Tall storeys at first CTBUH event in Dubai

The Dubai chapter of the Council on Tall Buildings and Urban Habitat held its long-awaited inaugural event in December

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Dubai may be home to 8% of the world’s skyscrapers, as well as the tallest structure on the planet, yet it took until last month for the Council on Tall Buildings and Urban Habitat (CTBUH) to hold its inaugural session for its chapter in the emirate.

The event, held on 10 December at Vida Hotel and Resorts, was a “long time coming” according to Dean McGrail, one of CTBUH’s two Dubai representatives and director of specialist services at WSP, who remarked that the inaugural session had been on the cards since 2012.

With three offices around the world – a headquarters in Chicago, a new office in Shanghai and a research hub in Venice – CTBUH is best known as the global authority on building heights. Yet the council offers far more than just statistics to its impressive 1.3 million members worldwide. The not-for-profit organisation holds worldwide seminars, networking events, building tours and tall buildings awards, as well as an annual international conference, next in New York City on October 26-30, 2015.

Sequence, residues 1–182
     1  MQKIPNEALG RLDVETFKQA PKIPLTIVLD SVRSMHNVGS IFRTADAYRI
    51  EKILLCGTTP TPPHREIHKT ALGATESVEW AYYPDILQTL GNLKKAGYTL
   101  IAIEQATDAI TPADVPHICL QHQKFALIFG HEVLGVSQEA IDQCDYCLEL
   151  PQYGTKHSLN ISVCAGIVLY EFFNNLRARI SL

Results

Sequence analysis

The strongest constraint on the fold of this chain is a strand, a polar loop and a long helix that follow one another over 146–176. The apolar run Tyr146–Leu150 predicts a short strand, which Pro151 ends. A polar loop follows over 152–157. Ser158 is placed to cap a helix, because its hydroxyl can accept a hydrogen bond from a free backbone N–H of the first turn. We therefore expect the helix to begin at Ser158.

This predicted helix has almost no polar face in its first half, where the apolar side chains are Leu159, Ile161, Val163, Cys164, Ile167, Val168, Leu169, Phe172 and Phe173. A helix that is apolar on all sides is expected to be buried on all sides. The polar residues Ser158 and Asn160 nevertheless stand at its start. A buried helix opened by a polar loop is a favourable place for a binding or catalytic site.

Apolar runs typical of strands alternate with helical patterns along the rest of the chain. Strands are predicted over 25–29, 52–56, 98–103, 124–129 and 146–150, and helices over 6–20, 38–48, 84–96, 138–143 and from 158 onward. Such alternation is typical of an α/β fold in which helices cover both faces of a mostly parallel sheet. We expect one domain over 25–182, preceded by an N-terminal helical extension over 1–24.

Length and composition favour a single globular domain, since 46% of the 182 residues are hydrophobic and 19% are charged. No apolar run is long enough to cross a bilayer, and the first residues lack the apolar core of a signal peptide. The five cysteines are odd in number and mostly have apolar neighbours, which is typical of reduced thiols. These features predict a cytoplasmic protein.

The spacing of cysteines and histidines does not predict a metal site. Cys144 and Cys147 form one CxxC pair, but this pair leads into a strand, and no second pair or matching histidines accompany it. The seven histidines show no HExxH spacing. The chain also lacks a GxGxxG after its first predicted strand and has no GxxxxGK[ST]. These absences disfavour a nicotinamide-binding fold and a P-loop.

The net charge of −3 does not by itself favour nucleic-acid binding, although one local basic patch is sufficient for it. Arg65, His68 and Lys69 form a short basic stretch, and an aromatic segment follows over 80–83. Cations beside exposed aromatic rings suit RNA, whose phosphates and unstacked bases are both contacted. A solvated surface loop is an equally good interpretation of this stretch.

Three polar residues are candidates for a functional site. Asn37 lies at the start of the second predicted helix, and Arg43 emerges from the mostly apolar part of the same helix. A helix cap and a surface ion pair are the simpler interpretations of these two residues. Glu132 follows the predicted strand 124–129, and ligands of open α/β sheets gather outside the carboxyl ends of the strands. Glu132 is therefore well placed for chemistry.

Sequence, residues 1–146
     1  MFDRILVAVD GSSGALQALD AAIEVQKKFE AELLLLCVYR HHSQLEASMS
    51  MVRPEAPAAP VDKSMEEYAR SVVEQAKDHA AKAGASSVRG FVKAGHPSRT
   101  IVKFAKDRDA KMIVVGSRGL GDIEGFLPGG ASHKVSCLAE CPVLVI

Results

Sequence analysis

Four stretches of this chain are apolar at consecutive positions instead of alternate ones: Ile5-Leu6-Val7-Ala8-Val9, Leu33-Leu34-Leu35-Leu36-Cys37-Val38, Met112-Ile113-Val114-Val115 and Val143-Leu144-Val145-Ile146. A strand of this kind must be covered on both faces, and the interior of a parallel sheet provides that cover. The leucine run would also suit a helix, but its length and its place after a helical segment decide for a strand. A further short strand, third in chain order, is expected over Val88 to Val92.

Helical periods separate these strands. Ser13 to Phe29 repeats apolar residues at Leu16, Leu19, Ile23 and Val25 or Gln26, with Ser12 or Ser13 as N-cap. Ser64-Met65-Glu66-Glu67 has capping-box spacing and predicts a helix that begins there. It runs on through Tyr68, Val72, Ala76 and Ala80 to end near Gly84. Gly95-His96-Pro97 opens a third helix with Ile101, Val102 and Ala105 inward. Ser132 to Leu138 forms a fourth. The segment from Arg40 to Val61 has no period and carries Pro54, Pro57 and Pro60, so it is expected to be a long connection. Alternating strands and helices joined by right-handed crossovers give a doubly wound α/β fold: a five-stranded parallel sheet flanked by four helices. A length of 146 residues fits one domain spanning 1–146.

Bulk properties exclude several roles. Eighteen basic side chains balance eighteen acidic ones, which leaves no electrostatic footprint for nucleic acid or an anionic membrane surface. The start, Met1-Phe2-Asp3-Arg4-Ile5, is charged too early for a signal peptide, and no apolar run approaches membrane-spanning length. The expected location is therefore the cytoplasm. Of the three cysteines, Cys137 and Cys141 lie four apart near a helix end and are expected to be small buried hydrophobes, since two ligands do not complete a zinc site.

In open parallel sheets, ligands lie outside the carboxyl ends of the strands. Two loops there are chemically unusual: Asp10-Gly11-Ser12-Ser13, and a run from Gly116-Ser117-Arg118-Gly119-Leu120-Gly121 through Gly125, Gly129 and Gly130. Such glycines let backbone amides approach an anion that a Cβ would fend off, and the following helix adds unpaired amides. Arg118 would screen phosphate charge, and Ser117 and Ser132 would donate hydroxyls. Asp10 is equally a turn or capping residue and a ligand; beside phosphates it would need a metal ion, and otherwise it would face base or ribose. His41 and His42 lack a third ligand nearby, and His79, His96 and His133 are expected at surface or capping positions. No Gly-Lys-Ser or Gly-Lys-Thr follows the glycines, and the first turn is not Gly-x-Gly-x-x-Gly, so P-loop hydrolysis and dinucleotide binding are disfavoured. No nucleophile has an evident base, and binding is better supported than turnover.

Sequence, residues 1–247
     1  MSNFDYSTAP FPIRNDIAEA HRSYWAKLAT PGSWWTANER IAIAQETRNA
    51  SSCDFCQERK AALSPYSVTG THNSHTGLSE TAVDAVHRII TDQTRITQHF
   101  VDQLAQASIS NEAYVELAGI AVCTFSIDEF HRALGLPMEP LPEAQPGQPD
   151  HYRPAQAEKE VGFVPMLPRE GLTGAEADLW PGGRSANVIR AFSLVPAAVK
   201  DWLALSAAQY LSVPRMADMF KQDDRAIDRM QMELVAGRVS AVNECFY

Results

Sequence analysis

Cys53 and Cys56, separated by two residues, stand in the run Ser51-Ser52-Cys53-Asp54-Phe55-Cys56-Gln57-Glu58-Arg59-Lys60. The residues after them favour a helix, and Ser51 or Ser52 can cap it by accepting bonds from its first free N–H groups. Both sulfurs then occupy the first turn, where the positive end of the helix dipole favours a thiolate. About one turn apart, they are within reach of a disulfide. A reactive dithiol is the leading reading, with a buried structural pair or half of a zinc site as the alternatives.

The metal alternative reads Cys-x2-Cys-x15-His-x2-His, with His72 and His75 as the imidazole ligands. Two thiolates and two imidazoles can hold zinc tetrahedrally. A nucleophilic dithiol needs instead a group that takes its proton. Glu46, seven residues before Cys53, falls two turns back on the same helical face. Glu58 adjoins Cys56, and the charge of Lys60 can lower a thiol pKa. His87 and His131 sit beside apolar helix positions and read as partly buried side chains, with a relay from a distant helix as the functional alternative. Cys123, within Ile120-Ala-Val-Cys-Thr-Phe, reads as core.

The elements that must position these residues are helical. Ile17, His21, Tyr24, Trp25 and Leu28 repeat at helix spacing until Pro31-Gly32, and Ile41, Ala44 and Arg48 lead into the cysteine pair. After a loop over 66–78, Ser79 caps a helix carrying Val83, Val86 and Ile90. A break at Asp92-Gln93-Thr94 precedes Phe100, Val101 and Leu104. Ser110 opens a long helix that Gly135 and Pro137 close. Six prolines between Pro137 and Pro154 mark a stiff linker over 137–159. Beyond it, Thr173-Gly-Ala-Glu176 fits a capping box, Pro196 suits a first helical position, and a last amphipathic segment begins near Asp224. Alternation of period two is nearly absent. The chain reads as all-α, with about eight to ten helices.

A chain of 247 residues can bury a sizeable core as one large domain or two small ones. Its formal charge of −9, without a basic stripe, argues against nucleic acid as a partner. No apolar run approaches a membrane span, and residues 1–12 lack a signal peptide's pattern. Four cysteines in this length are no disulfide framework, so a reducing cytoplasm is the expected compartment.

CTBUH also draws on its members’ expertise to produce documents on specific areas of tall buildings, with 12 working groups covering the latest developments in subjects such as BIM, facades, security and fire & life safety.

McGrail drew attention to a project called the Research Roadmap, set up by CTBUH, UNESCO and the International Council for Research and Innovation in Building and Construction (CIB). “It has three primary objectives – to look at the important research that we need for tall buildings, any gaps in current tall building research, and any programmes for research moving forwards.”

One of the current CTBUH research projects is a study on dealing with high-rises that have become obsolete. “There is a huge task ahead of us in very dense high-rise cities, like New York and Hong Kong, when the building stock becomes outdated and needs to be dismantled. How do you go about demolishing something like JBR, for example?”